Monday, March 30, 2009

Moving a big spiky Agave

How do you move a big spiky Agave? Very carefully.

This wonderful Agava americana 'Variegata' is the big mother plant from which we (actually, my husband John) have propagated many daughter plants. Agava is obviously not hardy for us so we over-winter our plants in the basement under a big mercury vapor light. They spend the summer in our entry courtyard.

For the transition from early spring when it's still quite cold (it's around the freezing mark today), we put the plants into our hoophouse. Yesterday was their moving day. John's safe and easy moving method for this big pot is to use two straps so we can carry it by holding onto the straps, instead of the pot. This makes moving a very heavy container plant like this much easier - plus we don't get our hands anywhere near the sharp spikes.

Even though the hoophouse is just past the barn, it's easier to use the car to move this big plant over there.

Agave americana 'Variegata' safely transplorted to the hoophouse. These plants will have to sit in the shady parts of the greenhouse for a week or so, otherwise they could get sunburned. They need a bit of time to acclimatize to full sun again. Fortunately for them, it's supposed to be a grey and cloudy week.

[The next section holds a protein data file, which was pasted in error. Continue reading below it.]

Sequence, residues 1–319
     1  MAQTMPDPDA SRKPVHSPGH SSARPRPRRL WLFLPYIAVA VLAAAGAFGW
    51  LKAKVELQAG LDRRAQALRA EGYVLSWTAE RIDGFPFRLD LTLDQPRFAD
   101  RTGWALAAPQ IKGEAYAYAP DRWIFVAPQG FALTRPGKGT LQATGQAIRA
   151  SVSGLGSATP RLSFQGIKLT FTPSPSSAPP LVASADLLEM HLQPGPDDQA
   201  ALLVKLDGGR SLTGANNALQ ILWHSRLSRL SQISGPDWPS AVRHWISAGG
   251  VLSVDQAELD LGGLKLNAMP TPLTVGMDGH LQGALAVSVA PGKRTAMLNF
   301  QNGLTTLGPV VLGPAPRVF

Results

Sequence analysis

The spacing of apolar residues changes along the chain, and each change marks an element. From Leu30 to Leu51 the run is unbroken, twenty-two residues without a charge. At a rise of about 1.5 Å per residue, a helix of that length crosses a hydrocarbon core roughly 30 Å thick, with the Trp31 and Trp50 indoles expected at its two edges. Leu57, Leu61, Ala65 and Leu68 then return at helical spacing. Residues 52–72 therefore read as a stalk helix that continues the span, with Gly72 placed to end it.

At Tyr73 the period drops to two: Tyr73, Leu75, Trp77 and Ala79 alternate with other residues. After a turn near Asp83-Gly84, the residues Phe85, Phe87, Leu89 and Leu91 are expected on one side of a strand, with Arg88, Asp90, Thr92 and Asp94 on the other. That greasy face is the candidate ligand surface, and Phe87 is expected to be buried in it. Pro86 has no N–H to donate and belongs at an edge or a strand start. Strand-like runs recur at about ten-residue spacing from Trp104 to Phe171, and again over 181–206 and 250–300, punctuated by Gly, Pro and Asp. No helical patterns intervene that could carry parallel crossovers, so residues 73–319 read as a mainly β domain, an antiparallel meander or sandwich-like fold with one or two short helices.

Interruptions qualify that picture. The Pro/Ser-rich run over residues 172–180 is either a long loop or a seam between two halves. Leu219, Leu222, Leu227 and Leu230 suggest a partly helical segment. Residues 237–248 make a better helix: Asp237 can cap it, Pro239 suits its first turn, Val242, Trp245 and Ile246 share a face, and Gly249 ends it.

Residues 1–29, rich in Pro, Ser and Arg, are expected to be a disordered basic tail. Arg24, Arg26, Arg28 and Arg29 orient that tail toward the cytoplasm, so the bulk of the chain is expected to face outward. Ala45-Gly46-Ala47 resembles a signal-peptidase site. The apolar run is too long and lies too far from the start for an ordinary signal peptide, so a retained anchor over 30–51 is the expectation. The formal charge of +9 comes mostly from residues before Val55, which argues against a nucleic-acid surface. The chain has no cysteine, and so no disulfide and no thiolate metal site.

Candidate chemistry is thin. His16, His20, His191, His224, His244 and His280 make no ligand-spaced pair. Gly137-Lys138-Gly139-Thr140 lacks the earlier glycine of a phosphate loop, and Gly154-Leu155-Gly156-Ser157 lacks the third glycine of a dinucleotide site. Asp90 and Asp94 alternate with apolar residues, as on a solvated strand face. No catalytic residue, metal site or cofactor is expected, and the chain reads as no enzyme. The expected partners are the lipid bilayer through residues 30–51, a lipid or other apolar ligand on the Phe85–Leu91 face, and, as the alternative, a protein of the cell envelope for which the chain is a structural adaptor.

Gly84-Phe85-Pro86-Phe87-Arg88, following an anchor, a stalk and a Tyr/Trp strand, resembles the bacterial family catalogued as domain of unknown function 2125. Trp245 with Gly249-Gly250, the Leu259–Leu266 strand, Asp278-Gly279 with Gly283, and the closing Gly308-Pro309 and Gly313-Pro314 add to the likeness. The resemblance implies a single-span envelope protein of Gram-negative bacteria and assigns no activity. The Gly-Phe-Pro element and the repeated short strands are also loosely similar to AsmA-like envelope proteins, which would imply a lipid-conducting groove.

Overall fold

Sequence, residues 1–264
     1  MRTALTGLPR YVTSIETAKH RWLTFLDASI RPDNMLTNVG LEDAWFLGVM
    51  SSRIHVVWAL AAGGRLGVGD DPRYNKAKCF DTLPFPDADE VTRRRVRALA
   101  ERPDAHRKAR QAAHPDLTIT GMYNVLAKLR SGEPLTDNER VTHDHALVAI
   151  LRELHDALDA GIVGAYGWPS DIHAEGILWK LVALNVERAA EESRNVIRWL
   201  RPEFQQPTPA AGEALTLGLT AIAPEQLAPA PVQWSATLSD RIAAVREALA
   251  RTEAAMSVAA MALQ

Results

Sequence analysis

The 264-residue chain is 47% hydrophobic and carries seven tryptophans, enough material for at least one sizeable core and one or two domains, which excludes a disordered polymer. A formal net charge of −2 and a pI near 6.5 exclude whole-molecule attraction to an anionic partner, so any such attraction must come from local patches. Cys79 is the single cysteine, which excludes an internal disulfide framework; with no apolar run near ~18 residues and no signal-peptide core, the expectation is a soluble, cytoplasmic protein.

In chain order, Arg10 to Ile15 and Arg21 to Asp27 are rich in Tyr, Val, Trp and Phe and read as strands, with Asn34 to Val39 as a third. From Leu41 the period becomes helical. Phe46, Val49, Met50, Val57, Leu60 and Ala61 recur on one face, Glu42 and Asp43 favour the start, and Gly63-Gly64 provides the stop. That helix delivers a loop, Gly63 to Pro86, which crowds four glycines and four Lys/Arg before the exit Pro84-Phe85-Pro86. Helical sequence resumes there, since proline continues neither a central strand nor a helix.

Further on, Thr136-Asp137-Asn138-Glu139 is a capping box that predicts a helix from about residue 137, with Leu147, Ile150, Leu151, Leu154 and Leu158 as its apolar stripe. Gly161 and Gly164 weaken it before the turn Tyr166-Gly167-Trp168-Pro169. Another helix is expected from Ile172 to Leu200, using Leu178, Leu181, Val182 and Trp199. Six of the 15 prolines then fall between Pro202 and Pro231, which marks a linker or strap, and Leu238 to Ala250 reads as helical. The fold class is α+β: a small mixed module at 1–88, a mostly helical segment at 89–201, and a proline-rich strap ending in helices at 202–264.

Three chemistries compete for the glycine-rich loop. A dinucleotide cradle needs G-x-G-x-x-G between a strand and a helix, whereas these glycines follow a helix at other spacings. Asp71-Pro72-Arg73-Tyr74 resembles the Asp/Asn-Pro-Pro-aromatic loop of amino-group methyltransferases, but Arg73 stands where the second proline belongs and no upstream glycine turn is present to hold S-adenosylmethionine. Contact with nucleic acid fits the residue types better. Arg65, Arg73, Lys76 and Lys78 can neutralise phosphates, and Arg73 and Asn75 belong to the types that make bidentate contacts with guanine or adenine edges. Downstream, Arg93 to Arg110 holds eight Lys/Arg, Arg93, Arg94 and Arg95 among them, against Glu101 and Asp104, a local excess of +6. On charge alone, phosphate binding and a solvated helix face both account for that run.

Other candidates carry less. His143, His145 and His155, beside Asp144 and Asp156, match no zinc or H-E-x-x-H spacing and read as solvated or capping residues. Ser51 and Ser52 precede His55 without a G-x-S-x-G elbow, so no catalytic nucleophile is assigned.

Mother and the kids last fall before we moved them into the hoophouse for the transition to winter. It takes effort to keep non-hardy plants going!

© Yvonne Cunnington, Country Gardener


  1. Great work guys!! I just love these plants.

  2. Just stunning! - ads that extra whoa to your courtyard.
    I am so looking forward to seeing your garden this spring/summer.
    (I was in Ancaster yesterday to visit Canadian Hydrogardens for supplies for my willow field - it's not that far away!)

  3. Hi Lene: Hydogardens is just around the corner from us,(a rural corner, mind you). Thanks for dropping by, and you too, Eve. Cheers, Yvonne

  4. Fantastic agaves. I might try one of these some time.

  5. Anonymous6:27 PM

    Oh my..I love the looks of those. Is there a chance I can get one of those from you or buy it?

    Someone gave me the one in the link below, not sure if it's agave or aloe?



  6. Hi Mick: One of those plants has your name on it. (Might let you have more than one.) Email me at country.gardening[at]gmail[dot]com.

    Cheers, Yvonne

  7. Those would be right at home here in Austin, but they look marvelous all potted up in your garden too. I'm impressed by northern gardeners' efforts to move them in and out with the seasons.


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-Yvonne, aka Country Gardener